Two former Kershaw County School District (KCSD) Teachers of the Year have added their names to a small list of classroom teachers that have obtained doctoral degrees. Dr. Holly Sullivan and Dr. Wendy Campbell earned Teacher of the Year (TOY) titles in the 2007-2008 and 2008-2009 school years, respectively.
After earning their TOY titles, Sullivan and Campbell began mulling over their next steps and decided obtaining an advanced degree was the best way to pursue their goals. It just made sense to do it together, Sullivan said.
Other KCSD employees suggested Sullivan and Campbell look into NOVA Southeastern University. Since the two both had full-time jobs and a family, the duo needed a program that would fit into their schedules. Based in Florida, NOVA is regionally accredited by the Southern Association of Colleges and Schools. They had been told the program was “expensive, but do-able,” and the duo began their doctoral journey.
Getting your doctorate is a test of endurance, Campbell said. During their first semester in the summer of 2008, Sullivan and Campbell took three classes together. Two were recommended for incoming students, but the other, a class on school policies took more of an effort.
“We almost wanted to quit,” Sullivan said. “It was so hard.”
Both said they had trouble formatting their papers to the American Psychological Association (APA) format, but after some revisions, they made it through despite noticing how fast others were dropping out of the program. Campbell said after their first semester, their only concern was time-management. They both finished their degree programs with 4.0 records.
Although Campbell and Sullivan both finished with “A” averages, they both faced challenges during the program. Sullivan had to take a semester off due to funding and Campbell had a vision impairment called for an adjustment to her lifestyle.
Campbell has an eye disease so rare it doesn’t have a name. It is similar to wet-macular degeneration, an “eye disease that causes vision loss in the center of your vision field,” according to Mayoclinic.com.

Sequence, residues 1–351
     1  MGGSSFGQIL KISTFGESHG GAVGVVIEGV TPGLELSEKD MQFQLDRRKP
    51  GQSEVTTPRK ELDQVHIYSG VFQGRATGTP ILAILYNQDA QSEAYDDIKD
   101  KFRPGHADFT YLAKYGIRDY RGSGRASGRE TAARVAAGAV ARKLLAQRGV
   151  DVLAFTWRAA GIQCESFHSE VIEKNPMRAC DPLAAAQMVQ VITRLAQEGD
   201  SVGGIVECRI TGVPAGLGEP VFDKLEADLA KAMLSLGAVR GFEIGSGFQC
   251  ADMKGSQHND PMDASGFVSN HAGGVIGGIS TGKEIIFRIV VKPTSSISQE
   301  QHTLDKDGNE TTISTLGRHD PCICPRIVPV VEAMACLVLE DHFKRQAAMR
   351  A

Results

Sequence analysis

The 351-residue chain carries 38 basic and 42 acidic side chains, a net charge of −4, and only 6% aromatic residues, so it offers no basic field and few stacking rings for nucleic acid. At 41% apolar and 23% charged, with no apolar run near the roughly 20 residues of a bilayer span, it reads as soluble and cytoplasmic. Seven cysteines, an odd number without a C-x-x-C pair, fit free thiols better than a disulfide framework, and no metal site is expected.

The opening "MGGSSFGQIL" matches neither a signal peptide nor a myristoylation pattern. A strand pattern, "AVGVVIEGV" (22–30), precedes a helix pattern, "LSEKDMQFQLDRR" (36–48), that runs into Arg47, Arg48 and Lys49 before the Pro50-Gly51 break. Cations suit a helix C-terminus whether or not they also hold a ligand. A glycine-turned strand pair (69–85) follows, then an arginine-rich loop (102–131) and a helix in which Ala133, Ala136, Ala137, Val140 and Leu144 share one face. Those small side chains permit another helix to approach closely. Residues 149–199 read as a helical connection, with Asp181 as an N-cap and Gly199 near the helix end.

Campbell’s right eye had already been affected when her left declined in the midst of her doctoral program. Campbell informed Lugoff-Elgin High School (L-EHS) Principal Tommy Gladden of her vision impairment and he worked to accommodate her, but didn’t inform the school district because she was determined to continue working. Campbell said her vision impairment would cause her to miss parts of words, so she bought the audio version of the text and memorized and took notes on the material in order to teach it to her classes.
“She wouldn’t do disability at all,” Sullivan said, recounting a time she and Campbell went into the L-EHS teachers work room and prayed. “Her husband called me to encourage her. We’ve been praying the whole time to allow us to keep going.”
Campbell’s son, Elliot, then 10, read her class text to her for up to three hours per reading session. Campbell went to Duke Medical Center five or six times for treatment, but found she wasn’t a candidate for retina rotation. Instead, a doctor prescribed Avastin, a chemotherapy drug typically used for colon cancer, which Campbell currently has injected into her eye every four to six weeks.
Sullivan and Campbell tried to take classes and with the same teacher as much as possible. The two got off track from each other after about two years, but shared books, which helped cut down on costs. They also shared a lot of information and articles, even though their different backgrounds led them to interpreting the information differently. Campbell finished her dissertation and graduated in August 2011; Sullivan finished hers in December 2011. The two were very complimentary of the other’s skills, citing that the other had what they weren’t as strong in.